While there are more than 8 million confirmed cases and close to 467,000 death in the world from the COVID-19 pandemic, the Pacific Small Islands Developing States (PSIDS) have been largely fortunate in averting the worst of the global health crisis. As of 12 June 2020, 312 cases of the COVID-19, including 7 deaths have been reported across the Pacific. However, the pandemic and the measures put in place to contain the virus have taken a toll on the PSIDS’ economy. For example, the economic impact is serious in Fiji, Maldives, and Tonga where jobs are heavily dependent on tourism. There are economic fallouts beyond tourism such as disruption of international trade, drop in commodity prices where exporters like Papua New Guinea are affected, and reduction in remittances due to shrinking global economy everywhere.
The ongoing effects of climate change and the tropical cyclone season - including the recent devastation left by Tropical Cyclone Harold in the Solomon Islands, Vanuatu, Fiji, and Tonga - pose continued risks to these vulnerable economies as climate change induced disasters can exacerbate the COVID-19 crisis.
Though the PSDIS are still weathering the impact of the pandemic, when the recovery begins, it could provide opportunities to build a more resilient, inclusive, and sustainable system. It is a chance to examine and reassess the existing structural challenges, update national and local plans with risk-informed development in mind, and strengthen institutional coordination necessary for recovery and sustainable development. It is a chance to create momentum to bolster the deeper partnership between the public, private, civil society, at the national, regional, and international levels.
In building back better, effective governance, better coordination mechanisms, innovative practices, and ICT driven technologies, and people-centered recovery strategies will be crucial. The PSIDS will need to continue investment in preparedness to enhance resilience with a focus on the furthest behind to keep the promise of leaving no one behind.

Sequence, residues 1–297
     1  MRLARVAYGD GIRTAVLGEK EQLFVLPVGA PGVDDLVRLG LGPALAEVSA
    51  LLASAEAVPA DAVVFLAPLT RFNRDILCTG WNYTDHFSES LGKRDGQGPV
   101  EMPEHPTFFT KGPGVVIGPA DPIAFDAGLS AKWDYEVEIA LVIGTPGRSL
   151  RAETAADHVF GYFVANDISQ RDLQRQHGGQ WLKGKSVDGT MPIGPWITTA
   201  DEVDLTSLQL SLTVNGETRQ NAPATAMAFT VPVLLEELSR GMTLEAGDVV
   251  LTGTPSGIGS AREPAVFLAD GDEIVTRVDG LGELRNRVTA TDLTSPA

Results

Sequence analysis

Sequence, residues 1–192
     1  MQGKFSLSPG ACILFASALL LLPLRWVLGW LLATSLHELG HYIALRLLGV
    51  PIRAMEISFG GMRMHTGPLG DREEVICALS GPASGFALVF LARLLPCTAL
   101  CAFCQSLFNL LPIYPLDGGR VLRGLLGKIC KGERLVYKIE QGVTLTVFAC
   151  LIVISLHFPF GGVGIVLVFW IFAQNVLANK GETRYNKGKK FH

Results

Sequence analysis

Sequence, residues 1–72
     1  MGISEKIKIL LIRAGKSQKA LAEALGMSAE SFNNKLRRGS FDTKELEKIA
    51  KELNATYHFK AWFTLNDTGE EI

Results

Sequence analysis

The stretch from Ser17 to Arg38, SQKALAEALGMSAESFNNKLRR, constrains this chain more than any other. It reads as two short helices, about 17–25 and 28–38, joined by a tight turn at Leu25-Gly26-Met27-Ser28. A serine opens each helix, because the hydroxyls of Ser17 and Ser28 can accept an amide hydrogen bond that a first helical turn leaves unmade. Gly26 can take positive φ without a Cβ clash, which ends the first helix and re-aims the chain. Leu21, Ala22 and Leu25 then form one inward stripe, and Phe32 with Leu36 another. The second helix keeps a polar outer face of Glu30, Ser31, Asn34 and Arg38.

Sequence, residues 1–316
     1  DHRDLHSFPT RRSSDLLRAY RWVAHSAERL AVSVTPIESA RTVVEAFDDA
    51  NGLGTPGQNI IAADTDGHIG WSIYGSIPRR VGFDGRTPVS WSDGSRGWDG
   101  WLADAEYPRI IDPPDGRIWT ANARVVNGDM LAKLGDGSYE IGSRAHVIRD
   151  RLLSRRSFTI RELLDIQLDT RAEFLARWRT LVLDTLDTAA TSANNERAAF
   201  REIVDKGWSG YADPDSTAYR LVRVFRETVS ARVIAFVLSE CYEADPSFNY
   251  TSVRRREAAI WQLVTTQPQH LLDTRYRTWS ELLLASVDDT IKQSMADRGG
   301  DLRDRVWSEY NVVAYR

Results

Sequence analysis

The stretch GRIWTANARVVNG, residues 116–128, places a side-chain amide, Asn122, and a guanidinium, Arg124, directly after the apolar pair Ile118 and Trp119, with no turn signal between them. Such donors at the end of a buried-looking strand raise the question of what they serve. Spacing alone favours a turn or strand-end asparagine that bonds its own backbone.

Resilience must be put at the center of decision-making at all levels, such that the impact of future shocks can be absorbed more readily with less disruption to people’s lives and livelihoods. The COVID-19 has exposed the benefits of a stronger, flexible, and more responsive civil service which can incorporate risk management to continue essential public services. Public institutions are central in promoting integrated approaches to achieve long-term development goals in the face of immediate challenges.
- Introduce national experiences in fighting COVID-19, including effective approaches and strategies, successes as well as challenges faced by governments from selected countries;
- Strengthen the knowledge and capacities of the PSDIS in strengthening public governance and exploring innovative solutions for pursuing resilient, inclusive and sustainable recovery in the post-COVID-19 era;
- Address the unique challenges and vulnerabilities of PSIDS in disaster risk reduction and climate change; and
- Provide a platform for effective partnerships.
The target audience for this webinar includes national and local government officials, especially from the PSIDS, who are engaged in the post-COVID-19 recovery process in areas of healthcare, coordination, disaster management, immediate and long-term planning, national and local development strategies, ICT and digital government, and public financing.
The webinar also intends to involve the private sector, academia, research institutions, civil society, and regional/international organizations that are actively engaged in exploring and experimenting with innovative solutions to address the COVID-19 crisis and recovery.
The Capacity Development Webinar Series aims to strengthen effective governance by enhancing integration, collaboration, and cooperation among stakeholders through whole-of-government and whole-of-society approaches as well as national to local coordination. The webinar for PSIDS is cognizant of their unique and particular vulnerabilities and will provide:
- Resources and tools for possible application in the post-COVID-19 recovery;
- Closer cooperation and partnership at regional and international level; and
- Depository of lessons learned and knowledge sharing through UNPOG and UN DESA websites.
- 5 August 2020
- Contact Information
UN Department for Economic and Social Affairs (UN DESA)
Division for Public Institutions and Digital Government (DPIDG)
Mr. Juwang Zhu
Ms. Adriana Alberti
Chief, Programme Management and Capacity Development Unit
UN DESA/DPIDG/ UN Project Office on Governance (UNPOG)
Mr. Bokyun Shim
Head, UN Project Office on Governance
Ms. Victoria Kim
Governance and Public Administration Expert
Division for Sustainable Development Goals (DSDGS)
Mr. Sai Navoti
Chief, SIDS Unit
Pacific Islands Development Forum (PIDF) Secretariat
Mr. Spencer N. Robinson
Executive Assistant ? PIDF Governance